A Milk Rainbow Adds a Colorful Swirl to Summer Learning

4 min to read
A demonstration of rainbow milk

The Milk Rainbow Experiment is a colorfully creative way to engage students in basic chemistry concepts that they can immediately connect with the world around them and—just as important—avoid summer learning loss. 

Also called the “summer slide” or “summer lag,” summer learning loss refers to the suspected impact on young brains when they go too long without academic stimulation: they forget some of what they learned the previous school year. 

Summer vacation is an important, much-needed break from the rigors of school. It is just as important, however, to take time to keep young learners’ brains engaged.  

Working through the science of how to make rainbow milk is an ideal way to keep them ready for when classes resume.   

One other benefit: It’s an opportunity to take an active role as an education mentor. Research has found that kids who have Learning Coaches perform better in school...  

What Is the Science Behind the Magic Rainbow Milk Experiment?

Through the experiment, students will observe how the chemical properties of water, fat, dish detergent, and food coloring interact in a swirl of color. Beyond that, this simple at-home chemistry lesson can spark their imaginations by shedding light on what a real rainbow is and introduce them to the way scientists think when they are looking for answers and solving problems. 

What you will need

  • Milk (2% or higher fat content) 
  • Food coloring (one will do; more is better) 
  • Dish detergent A cotton swab A shallow bowl  
  • A pan to catch any spills 

How to set up the Milk Rainbow Experiment

  • How to set up the Milk Rainbow Experiment 
  • Place the pan on a counter 
  • Place the bowl on the pan 
  • Pour the milk in the bowl Add a drop or two of food coloring to the milk 

Middle School Science Lesson: How to Make a Milk Rainbow

Virtual learning is still fun and engaging outside of the traditional classroom setting. Connections Academy incorporates STEM learning activities into each lesson for students to do from home–like this “How to Make a Milk Rainbow” experiment! Watch the full experiment on the Connections Academy YouTube channel.

How Does Milk Rainbow Help Students Think Like Scientists?

Experiments begin with a question. “What will happen if detergent is added to a bowl of milk that has a few drops of food coloring in it?” 

Scientists then formulate a hypothesis, a statement that can be tested by experimentation. “If detergent is added to the milk and dye in the bowl, [something] will happen.”  

They then conduct an experimental control to ensure nothing affects the results except the variable they want to test, which is the detergent. To control this experiment, dip a dry cotton swab in the milk and food dye.  

Experiment and Observe

The experiment is set up. After conducting the control and observing those results, have some science fun.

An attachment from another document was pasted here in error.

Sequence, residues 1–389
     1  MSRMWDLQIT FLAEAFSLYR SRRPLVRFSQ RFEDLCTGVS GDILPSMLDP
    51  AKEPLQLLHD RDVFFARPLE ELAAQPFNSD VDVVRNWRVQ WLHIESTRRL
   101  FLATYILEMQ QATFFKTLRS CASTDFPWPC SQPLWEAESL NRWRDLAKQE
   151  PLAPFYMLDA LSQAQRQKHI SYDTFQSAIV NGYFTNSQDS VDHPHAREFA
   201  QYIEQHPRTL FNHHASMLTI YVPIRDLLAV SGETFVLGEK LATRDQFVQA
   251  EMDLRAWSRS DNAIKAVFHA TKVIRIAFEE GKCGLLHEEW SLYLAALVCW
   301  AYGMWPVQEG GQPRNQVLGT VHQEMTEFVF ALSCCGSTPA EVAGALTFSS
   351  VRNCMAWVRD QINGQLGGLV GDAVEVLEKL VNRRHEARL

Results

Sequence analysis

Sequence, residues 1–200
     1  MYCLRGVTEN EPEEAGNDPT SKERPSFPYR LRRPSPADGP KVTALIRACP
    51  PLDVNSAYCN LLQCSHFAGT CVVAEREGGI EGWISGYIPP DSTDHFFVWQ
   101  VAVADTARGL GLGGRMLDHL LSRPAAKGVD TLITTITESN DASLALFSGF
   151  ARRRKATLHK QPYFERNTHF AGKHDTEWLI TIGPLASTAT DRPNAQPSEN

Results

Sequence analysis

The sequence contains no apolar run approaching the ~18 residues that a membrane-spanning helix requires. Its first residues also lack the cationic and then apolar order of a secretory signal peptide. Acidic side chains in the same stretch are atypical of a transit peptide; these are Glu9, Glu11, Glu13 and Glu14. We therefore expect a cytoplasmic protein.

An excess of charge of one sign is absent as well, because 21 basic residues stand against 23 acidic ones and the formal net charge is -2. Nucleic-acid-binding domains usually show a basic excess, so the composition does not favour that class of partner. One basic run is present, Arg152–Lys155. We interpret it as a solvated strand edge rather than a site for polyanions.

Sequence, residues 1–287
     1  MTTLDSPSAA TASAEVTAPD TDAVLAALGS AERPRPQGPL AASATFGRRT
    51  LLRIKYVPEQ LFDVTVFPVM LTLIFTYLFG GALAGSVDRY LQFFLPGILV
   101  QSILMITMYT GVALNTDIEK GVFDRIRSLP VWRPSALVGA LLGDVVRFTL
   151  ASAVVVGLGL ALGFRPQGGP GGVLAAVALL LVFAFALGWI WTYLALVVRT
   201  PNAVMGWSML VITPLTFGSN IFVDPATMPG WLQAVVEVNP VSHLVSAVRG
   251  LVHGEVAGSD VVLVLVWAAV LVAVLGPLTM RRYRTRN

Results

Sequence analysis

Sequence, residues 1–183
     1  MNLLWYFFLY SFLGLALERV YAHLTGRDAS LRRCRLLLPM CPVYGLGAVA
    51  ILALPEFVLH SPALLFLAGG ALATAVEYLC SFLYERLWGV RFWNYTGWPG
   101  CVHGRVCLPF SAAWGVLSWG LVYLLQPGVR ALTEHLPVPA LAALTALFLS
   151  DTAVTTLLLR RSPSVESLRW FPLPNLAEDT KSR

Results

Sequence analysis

Put one or two drops of detergent on the dry end of the same cotton swab, dip it in the place as the control (dipping it in a different place would add a variable), and see the science as it happens. 

How Do You Explain the Milk Rainbow?

Adding the detergent to the milk and dye causes the chemical properties to interact and then the few drops of dye blossomed into a swirling kaleidoscope. 

What is in the Milk?

Milk is a mixture of water, fat, vitamins, and minerals. The water molecules are polar and can dissolve other polar molecules. The fat molecules, however, are non-polar and will not dissolve in water. 

What is in the Detergent?

The detergent contains molecules that have both properties. Chemists call the polar “head” of those molecules hydrophilic, or water-loving, and the non-polar “tail” hydrophobic, water-fearing.  

What Happens When They Meet?

The hydrophobic (non-polar) ends of the soap molecules collect the non-polar fat molecules in the milk, creating a reaction that produces rainbow milk. 

Where Does the Learning Go from Here?

Young learners are naturally inquisitive and ready to connect the science with the world around them. That is a big step toward conceptual understanding and learning growth.  

How Does the Science Look in the Real World?

This easy chemistry experiment shows what happens when detergent is added to a mixture that contains fat.  

The same thing happens when using soap and water to wash hands: The non-polar end of the soap molecule collects the oil on dirty hands so the water can wash it off. That is why you use soap to get hands clean—water (polar) alone does not dissolve oil (non-polar). 

Trying to absorb all these terms and concepts can overwhelm some students, especially young learners. Try these tips to ease them gently out of their comfort zones. Persevering through a learning challenge can build their confidence and problem-solving skills.  

What Are the Next Steps?

Take advantage of the Connections Academy® resources, including more science lessons for elementary school; tips for helping middle school students design and build a science fair project; and free Science, Technology, Engineering, and Math (STEM) virtual labs for high school students

To learn more about the Connection Academy’s tuition-free, accredited, online public-school options, request the free eGuide today. 

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